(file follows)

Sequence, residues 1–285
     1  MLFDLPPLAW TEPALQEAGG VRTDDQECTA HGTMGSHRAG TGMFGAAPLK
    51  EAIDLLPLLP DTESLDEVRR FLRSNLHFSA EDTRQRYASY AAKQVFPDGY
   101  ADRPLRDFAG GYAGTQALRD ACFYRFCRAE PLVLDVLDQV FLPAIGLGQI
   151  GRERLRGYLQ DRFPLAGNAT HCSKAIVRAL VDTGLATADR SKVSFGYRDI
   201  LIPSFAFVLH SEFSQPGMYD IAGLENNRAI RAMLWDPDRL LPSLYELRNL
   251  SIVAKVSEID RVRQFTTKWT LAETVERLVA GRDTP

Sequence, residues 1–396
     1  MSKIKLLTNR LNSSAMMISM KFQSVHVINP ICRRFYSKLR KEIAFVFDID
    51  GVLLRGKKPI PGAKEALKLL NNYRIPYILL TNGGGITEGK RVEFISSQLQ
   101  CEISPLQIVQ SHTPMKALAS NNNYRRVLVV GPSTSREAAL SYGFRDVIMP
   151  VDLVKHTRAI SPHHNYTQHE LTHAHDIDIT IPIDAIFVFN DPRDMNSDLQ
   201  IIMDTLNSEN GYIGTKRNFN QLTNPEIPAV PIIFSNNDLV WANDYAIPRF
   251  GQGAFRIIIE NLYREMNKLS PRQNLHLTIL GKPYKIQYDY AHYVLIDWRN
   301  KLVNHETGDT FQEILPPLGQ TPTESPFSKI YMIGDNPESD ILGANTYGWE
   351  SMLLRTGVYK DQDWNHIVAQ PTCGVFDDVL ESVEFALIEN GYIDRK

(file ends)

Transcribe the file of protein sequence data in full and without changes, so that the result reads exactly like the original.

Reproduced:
Sequence, residues 1–285
     1  MLFDLPPLAW TEPALQEAGG VRTDDQECTA HGTMGSHRAG TGMFGAAPLK
    51  EAIDLLPLLP DTESLDEVRR FLRSNLHFSA EDTRQRYASY AAKQVFPDGY
   101  ADRPLRDFAG GYAGTQALRD ACFYRFCRAE PLVLDVLDQV FLPAIGLGQI
   151  GRERLRGYLQ DRFPLAGNAT HCSKAIVRAL VDTGLATADR SKVSFGYRDI
   201  LIPSFAFVLH SEFSQPGMYD IAGLENNRAI RAMLWDPDRL LPSLYELRNL
   251  SIVAKVSEID RVRQFTTKWT LAETVERLVA GRDTP

Sequence, residues 1–396
     1  MSKIKLLTNR LNSSAMMISM KFQSVHVINP ICRRFYSKLR KEIAFVFDID
    51  GVLLRGKKPI PGAKEALKLL NNYRIPYILL TNGGGITEGK RVEFISSQLQ
   101  CEISPLQIVQ SHTPMKALAS NNNYRRVLVV GPSTSREAAL SYGFRDVIMP
   151  VDLVKHTRAI SPHHNYTQHE LTHAHDIDIT IPIDAIFVFN DPRDMNSDLQ
   201  IIMDTLNSEN GYIGTKRNFN QLTNPEIPAV PIIFSNNDLV WANDYAIPRF
   251  GQGAFRIIIE NLYREMNKLS PRQNLHLTIL GKPYKIQYDY AHYVLIDWRN
   301  KLVNHETGDT FQEILPPLGQ TPTESPFSKI YMIGDNPESD ILGANTYGWE
   351  SMLLRTGVYK DQDWNHIVAQ PTCGVFDDVL ESVEFALIEN GYIDRK